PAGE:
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Top 10 Useless Insurance Policies

Certainly some forms of insurance like health, home, auto, life or long-term disability coverage are probably necessary components to your wellbeing and security. But many people fall victim to fear or slick salesmanship to be convinced of the need to purchase some kind of special insurance coverage that is redundant, unnecessary, impractical or downright wasteful. It sounds good at the time, but in reality many insurance policies cost too much, have an unrealistic deductible or are simply frivolous coverage. You have to ask yourself in each case what the loss ratio is based upon each dollar of premium versus dollars paid for claims. For example, various kinds of credit insurance typically pay out 10 to 15 cents on the dollar versus auto insurance that typically pays out 80% to 85% of premium dollars.

See also: The Most Effective Insurance Policy

Here are my picks for the top 10 most useless insurance policies in alphabetic order:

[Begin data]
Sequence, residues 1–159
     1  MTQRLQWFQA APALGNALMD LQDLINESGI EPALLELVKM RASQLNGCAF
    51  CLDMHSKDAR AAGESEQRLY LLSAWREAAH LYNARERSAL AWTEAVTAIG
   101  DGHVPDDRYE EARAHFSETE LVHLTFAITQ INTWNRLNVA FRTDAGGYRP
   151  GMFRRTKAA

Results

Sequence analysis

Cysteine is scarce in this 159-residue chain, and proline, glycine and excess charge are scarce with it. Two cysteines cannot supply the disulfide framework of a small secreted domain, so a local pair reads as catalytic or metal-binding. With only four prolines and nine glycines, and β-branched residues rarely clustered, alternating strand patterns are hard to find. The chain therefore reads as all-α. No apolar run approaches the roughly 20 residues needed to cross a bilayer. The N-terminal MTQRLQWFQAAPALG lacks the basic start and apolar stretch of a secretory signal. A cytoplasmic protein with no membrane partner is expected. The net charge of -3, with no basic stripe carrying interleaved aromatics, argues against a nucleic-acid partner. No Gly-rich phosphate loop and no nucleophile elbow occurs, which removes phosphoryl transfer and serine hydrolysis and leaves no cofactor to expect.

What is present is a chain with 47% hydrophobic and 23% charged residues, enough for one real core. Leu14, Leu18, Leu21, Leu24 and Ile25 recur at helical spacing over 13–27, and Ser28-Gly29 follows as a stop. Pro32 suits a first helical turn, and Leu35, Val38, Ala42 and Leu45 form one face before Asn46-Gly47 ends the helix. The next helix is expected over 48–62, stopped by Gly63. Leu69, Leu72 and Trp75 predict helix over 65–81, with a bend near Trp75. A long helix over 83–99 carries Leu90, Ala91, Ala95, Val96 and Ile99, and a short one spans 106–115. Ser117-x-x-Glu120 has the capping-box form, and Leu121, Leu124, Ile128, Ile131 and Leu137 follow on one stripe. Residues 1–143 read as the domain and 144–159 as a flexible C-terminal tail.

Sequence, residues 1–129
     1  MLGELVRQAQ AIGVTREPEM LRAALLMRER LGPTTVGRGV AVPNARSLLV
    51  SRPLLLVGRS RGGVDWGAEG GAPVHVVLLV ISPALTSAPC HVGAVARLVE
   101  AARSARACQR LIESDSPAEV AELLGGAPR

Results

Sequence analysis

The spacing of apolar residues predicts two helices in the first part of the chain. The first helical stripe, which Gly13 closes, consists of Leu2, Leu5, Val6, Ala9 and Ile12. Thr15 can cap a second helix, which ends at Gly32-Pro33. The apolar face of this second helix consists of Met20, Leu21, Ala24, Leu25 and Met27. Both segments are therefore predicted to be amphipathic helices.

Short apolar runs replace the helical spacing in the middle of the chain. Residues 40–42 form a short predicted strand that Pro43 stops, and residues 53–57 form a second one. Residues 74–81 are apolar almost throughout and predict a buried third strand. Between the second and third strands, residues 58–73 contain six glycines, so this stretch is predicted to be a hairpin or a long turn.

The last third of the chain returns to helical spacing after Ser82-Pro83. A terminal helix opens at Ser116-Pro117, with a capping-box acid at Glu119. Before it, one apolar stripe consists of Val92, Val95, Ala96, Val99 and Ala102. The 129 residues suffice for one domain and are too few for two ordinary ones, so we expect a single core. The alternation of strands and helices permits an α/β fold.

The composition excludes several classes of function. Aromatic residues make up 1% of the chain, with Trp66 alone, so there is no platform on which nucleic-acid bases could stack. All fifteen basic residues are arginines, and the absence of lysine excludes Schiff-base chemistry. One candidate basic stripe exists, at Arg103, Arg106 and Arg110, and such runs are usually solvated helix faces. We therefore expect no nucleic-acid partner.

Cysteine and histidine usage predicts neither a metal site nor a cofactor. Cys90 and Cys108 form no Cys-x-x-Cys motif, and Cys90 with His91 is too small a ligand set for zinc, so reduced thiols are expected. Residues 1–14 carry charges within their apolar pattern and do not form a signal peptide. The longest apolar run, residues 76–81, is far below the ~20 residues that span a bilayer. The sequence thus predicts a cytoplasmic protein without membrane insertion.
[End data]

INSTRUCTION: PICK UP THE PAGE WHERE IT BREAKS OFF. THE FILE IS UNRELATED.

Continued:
• Accidental Death Insurance

If you need life insurance, buy an amount that you deem necessary to cover you for all the ways you could die accidentally whether it’s by accident, disease, assault or old age. Accidental death insurance is often referred to as Las Vegas coverage – like a bonus to your heirs if you die in car crashes. Your heirs may have a civil negligence lawsuit to pursue in such cases anyway.

  • Cancer Insurance

Dreaded disease insurance policies like this cover you only if you die from one or more specific diseases. This is like playing specific numbers on the roulette wheel. Buy a term life insurance policy that covers you for the widest range in causes of death.

  • Cell Phone Coverage

New cell phones come with a manufacturer’s warranty covering defects or malfunctions. Consumer groups don’t recommend buying this monthly supplemental coverage due to consumer complaints including “fine print” exclusions, hidden deductible fees and refurbished replacement phones.

  • Credit Card Insurance

By law, most credit card fraud losses are capped at $50 per card with prompt notification, and most banks or credit unions have a zero-liability limit of stolen credit cards. Review your monthly statements regularly. Furthermore, the insurance schemes that offer to pay off of your credit card “balance owed” due to disability or death is better avoided, in favor of a traditional long term disability or life insurance policy.

  • Extended Warranties